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As a seller, should I ship to mail forwarding services?

What to know about international buyers using mail forwarding to shop eBay

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As a seller, should I ship to mail forwarding services?

Mail forwarding services are doing an increasing amount of volume. Does this affect you as a seller? It might.

Image: LituFalco / Fotolia

Mail forwarding services have become popular as ways for international buyers to shop the large United States eBay site without being restricted to sellers that are willing to ship internationally.

Here's how these transactions are supposed to work:

  1. An international buyer signs up for a mail forwarding service with a U.S. address.

  2. They use the mail forwarding service to make a purchase on eBay from a U.S. seller.

  3. The U.S. seller ships the item to the mail forwarding service address.

  4. The mail forwarding service receives the item and ships it on to the international buyer, who pays the associated shipping costs.

All of this makes perfect sense, but the devil—for many sellers—is in the details.

Questions with Answers

Q: Are there any reasons not to be comfortable with these kinds of sales?

In a word, yes.

  • Complexity. Using a mail forwarding service significantly complicates returns and exchanges.

  • Diminished goodwill. International buyers that have already paid high shipping costs and endured long wait times for mail forwarding are often more frustrated—and thus more difficult to work with—than domestic buyers if something goes wrong.

  • Cost disputes. Buyers may expect/believe that sellers ought to cover return shipping if the product is defective—but in mail forwarding cases this can mean very high shipping costs and added headaches.

  • Risk of damage and loss. When a seller ships to a mail forwarding service, they lose control over the shipment method and package handling involved; there is no way to know who will handle the package at the service, how they will handle it, or what shipment service they will use to send it on to its final recipient.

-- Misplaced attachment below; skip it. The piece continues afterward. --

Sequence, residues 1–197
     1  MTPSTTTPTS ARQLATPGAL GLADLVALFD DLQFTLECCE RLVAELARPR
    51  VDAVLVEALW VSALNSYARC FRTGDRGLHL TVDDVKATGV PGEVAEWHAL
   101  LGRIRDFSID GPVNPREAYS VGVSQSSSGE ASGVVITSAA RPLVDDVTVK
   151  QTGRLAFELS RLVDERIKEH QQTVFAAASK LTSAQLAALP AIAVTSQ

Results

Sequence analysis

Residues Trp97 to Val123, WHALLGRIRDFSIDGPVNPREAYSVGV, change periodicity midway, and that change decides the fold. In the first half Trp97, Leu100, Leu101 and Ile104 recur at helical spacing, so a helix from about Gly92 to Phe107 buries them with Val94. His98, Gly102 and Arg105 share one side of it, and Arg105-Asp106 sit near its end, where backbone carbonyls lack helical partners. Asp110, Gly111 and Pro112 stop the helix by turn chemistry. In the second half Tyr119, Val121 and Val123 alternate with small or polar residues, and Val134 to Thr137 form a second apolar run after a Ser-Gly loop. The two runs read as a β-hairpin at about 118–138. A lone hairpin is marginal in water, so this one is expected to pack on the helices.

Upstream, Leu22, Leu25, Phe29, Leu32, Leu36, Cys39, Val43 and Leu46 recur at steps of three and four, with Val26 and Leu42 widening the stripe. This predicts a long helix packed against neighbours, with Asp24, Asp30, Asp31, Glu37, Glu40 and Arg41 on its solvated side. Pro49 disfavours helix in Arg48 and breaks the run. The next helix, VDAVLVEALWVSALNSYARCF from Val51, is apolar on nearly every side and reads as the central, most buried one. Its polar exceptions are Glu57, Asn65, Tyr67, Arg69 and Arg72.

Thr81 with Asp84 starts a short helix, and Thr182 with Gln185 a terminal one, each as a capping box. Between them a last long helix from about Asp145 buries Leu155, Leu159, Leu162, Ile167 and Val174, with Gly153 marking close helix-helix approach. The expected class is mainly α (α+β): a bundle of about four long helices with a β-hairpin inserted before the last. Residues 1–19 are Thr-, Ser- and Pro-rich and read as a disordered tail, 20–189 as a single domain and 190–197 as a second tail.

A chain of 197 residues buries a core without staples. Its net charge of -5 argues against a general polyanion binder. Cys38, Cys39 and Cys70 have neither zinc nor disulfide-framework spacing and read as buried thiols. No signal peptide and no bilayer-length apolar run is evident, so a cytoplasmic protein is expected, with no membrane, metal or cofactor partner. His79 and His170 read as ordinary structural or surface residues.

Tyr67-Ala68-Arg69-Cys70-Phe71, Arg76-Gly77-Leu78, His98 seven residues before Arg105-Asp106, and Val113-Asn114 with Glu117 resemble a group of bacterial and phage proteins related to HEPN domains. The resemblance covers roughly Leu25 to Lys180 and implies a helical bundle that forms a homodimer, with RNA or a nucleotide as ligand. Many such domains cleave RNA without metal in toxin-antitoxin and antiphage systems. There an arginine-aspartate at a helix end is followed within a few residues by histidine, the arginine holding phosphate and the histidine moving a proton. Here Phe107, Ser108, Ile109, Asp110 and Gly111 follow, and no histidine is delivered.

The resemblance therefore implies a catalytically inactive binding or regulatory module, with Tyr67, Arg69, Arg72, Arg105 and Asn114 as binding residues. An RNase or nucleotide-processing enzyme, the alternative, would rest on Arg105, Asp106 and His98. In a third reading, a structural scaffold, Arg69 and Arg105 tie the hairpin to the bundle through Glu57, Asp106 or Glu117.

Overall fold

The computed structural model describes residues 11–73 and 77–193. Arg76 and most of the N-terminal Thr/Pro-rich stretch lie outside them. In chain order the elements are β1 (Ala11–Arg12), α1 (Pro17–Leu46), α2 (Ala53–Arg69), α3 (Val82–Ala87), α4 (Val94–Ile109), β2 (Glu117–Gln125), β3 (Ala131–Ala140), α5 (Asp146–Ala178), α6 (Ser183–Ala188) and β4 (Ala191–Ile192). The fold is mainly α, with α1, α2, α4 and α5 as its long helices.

• Difficulty with eBay dispute resolution. Explaining the complexities of the transaction to eBay after the fact—for example, if a buyer protection case has been filed—can be difficult and infuriating, particularly since buyer protection is not supposed to apply to such cases in the first place.

  • Language and culture barriers. Cultural and language misunderstandings and the complexities of mail forwarding can make unhappy transactions and negative feedback far more common.

Q: How do I know when I'm shipping to a mail forwrading service?

The problem for many sellers is that it's difficult, and in some cases, impossible to tell whether an address belongs to a mail forwarding service or not.

For sellers that really only want to deal with domestic buyers, this can be a source of deep frustration.

Q: Why does eBay allow this practice to continue?

In practice, eBay has no way to know in all cases whether someone is buying "on behalf of" someone else. Mail forwarding runs the gamut, from commercial enterprises with popular websites designed to allow international shopping on eBay to family members in the U.S. simply buying for family members outside the U.S.

Just as importantly, there is valid business to be done this way; some sellers are happy to ship to mail forwarding services, and some buyers are happy to receive goods through them, understanding the limitations involved.

Q: How should I decide whether or not to be comfortable with mail forwarding?

Some sellers are simply not comfortable with the thought of cross-border shipping and international buyers. This is a matter of personal preference, and is entirely justified.